Review Outlines Payment Reforms to Increase Collaboration Among Primary Care, Cardiology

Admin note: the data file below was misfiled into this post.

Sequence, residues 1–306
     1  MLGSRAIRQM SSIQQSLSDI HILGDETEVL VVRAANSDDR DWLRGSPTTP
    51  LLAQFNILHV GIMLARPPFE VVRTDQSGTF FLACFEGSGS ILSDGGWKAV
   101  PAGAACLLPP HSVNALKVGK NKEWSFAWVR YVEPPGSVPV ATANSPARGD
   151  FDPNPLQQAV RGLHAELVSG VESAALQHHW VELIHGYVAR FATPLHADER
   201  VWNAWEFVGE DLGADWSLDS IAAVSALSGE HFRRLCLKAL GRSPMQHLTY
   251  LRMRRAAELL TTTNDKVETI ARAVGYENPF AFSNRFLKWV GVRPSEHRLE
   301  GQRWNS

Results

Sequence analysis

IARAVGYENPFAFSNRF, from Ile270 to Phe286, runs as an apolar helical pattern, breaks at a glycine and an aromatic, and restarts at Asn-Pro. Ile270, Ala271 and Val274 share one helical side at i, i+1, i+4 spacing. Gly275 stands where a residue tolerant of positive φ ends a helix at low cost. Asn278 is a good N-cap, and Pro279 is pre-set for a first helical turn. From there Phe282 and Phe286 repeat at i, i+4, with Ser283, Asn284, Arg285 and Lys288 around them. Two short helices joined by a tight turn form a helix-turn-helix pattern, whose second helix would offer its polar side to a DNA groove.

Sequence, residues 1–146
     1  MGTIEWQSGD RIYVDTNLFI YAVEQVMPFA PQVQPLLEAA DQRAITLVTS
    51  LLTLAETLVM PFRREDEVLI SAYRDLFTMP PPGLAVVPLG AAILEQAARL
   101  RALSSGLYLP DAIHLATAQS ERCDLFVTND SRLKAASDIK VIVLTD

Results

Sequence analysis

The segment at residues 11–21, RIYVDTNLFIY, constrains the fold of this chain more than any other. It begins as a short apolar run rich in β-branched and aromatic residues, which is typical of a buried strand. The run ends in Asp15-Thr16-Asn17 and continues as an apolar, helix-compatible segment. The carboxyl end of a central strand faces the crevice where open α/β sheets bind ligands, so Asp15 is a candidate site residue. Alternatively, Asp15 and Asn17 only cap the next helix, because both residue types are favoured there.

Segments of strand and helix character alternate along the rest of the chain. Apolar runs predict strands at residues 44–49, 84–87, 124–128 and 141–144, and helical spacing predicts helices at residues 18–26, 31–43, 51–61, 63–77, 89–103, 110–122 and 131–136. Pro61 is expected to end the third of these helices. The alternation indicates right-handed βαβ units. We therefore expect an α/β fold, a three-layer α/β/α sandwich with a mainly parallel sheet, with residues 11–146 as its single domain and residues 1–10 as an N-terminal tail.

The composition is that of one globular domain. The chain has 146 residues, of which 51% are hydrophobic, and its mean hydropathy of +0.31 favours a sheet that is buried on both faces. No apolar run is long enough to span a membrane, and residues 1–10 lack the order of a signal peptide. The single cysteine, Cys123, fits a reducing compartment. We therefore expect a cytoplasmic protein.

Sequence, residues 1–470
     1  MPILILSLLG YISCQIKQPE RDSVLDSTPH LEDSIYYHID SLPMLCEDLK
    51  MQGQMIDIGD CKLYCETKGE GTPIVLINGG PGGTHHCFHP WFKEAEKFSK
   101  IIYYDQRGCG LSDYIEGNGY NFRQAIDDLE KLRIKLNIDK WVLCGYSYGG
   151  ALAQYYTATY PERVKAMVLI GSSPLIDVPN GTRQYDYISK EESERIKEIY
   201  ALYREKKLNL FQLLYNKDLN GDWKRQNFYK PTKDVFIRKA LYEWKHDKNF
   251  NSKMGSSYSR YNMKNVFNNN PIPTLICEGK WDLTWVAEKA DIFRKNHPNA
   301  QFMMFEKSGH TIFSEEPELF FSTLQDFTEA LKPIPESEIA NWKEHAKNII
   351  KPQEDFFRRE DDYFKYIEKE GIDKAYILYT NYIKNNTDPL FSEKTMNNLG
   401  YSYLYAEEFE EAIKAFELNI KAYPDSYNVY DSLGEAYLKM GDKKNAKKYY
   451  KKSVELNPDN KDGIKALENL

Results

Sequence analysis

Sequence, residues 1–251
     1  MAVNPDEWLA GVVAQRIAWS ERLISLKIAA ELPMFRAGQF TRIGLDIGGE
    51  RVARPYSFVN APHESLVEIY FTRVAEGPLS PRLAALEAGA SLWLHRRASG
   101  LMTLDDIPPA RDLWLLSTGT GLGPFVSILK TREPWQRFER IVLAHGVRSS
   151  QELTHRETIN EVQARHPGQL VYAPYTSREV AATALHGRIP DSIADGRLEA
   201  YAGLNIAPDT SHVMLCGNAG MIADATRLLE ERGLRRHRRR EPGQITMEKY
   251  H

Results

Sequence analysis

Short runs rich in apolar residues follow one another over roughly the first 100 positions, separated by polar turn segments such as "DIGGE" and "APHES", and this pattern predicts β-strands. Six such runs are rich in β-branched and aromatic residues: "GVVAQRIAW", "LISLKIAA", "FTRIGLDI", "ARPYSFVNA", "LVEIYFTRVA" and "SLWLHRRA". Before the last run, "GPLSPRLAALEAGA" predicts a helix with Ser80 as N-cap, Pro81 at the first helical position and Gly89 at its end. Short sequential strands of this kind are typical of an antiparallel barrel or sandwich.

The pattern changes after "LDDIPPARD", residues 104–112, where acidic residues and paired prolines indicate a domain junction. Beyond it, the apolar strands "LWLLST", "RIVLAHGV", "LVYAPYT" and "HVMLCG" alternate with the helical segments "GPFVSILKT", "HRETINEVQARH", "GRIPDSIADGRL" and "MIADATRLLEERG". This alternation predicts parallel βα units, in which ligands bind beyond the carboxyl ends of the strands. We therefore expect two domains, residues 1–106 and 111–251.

A conceptual approach to payment reforms that would allow for more effective collaboration between cardiology and primary care physicians treating patients with chronic cardiovascular disease is the focus of a new JAMA: Cardiology review. The proposed set of payment reforms, the core of which could qualify as an advanced alternative payment model (APM) under the Medicare Access and CHIP Reauthorization Act (MACRA), clearly defines the roles of participating physicians under each model where they share responsibility for patient care. The authors specifically define two short-term payment models including a clinician-to-clinician consultation model and a multispecialty care coordination model. “To provide heart disease patients with the best possible care, it is essential that cardiologists and primary care clinicians work effectively together,” said Paul N. Casale, MD, MPH, ACC Board of Trustees member and a member of the U.S. Department of Health and Human Services Physician-Focused Payment Model Technical Advisory Committee. “This collaborative care framework and payment model offer an opportunity to link clinician roles and responsibilities to payment, thus improving value and the care experience for our patients.” Read more on ACC.org. Learn more about alternative payment models and other pieces of the QPP at ACC.org/MACRA.